In the early 1990s, I was working at a commercial AM radio station in Lincoln, Nebraska, with a full-service, news, sports, weather, talk and, yes, music format. It was a terrific radio station (KFOR) with a consistently large audience. I did a little bit of everything at KFOR, which was great. I was young, enthusiastic and not without some attitude.
That attitude would always rear its head around two specific holidays — Christmas and Independence Day. The problem? The holiday music that was added to the playlists. Now Christmas is a whole other story that I won't get into here. Suffice to say that if “A Holly Jolly Christmas” showed up on the playlist, it would be scrubbed for something like “The Sussex Carol.” You know, Cambridge Singers off the bench for Burl Ives — seems like a good swap, right? I'd never bat an eye. Occasionally, I'd be reprimanded. And it was always worth it.
This time of year there was one record that always set me off: Lee Greenwood's “God Bless the USA.” That gooey, inordinate, moralistic schlep of a song would start showing up in late June, maybe a couple of weeks leading into the Fourth. If it appeared on my playlist, it was immediately tossed aside for something much better. It's not like you had to look far. I don't know — maybe Sousa or Copland? Inevitably, there would be questions about this practice. Aren't you proud to be an American? Everybody loves that one!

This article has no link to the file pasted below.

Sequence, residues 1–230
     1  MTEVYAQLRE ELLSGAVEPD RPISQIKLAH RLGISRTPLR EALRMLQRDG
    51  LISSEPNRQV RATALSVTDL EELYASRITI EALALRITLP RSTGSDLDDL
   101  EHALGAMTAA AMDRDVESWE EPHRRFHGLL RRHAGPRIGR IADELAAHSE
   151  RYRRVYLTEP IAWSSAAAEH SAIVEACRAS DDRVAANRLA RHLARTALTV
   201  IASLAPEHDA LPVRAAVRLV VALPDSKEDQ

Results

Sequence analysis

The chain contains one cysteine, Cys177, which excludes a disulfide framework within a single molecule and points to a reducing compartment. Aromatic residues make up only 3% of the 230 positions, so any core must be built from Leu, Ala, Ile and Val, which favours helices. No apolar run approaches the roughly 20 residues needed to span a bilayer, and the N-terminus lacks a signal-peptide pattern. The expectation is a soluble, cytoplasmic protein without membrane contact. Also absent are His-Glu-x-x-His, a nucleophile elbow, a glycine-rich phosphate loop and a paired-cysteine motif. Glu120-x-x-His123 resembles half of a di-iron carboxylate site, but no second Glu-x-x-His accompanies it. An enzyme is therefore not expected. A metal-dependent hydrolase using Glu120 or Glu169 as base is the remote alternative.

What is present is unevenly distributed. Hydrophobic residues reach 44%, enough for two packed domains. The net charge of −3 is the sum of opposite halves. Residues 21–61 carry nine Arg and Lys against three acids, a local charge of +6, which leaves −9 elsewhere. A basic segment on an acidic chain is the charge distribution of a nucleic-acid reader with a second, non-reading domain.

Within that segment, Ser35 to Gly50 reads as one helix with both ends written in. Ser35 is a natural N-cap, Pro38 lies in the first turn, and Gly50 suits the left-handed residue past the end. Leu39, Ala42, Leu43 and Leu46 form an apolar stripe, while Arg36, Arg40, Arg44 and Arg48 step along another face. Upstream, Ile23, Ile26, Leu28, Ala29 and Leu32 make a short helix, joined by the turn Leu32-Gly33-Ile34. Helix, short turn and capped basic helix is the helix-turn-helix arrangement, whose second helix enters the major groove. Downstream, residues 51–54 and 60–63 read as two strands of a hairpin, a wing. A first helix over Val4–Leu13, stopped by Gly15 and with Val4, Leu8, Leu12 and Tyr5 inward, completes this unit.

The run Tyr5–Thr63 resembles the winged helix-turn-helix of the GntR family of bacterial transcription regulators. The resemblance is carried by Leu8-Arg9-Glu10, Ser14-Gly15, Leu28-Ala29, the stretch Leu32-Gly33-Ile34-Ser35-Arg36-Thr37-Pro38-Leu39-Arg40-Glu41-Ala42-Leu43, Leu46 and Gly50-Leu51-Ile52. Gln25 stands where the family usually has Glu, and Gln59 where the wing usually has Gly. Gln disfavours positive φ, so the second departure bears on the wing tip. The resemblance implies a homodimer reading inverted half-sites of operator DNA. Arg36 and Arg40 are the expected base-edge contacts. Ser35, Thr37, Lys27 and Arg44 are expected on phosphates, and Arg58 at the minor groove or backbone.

Well, yes, mostly — and no!
The way I figured it, “God Bless the USA” had been having its way with America since 1984, at ballparks, parades, celebrations, you name it. Why should it get another three minutes of radio airtime at 10:30 a.m. in Lincoln, Nebraska?
Lee, you can sit this one out.
So what exactly was the something much better? Ah, that's the fun part. It's a big reason why I absolutely loved working leading up to and on July Fourth. I'd basically have free rein to play whatever I wanted because no one else was too interested in working those days.
And my playlist was strong.
‘The Civil War’
Let's start with this one: The original soundtrack to Ken Burns' PBS documentary film The Civil War.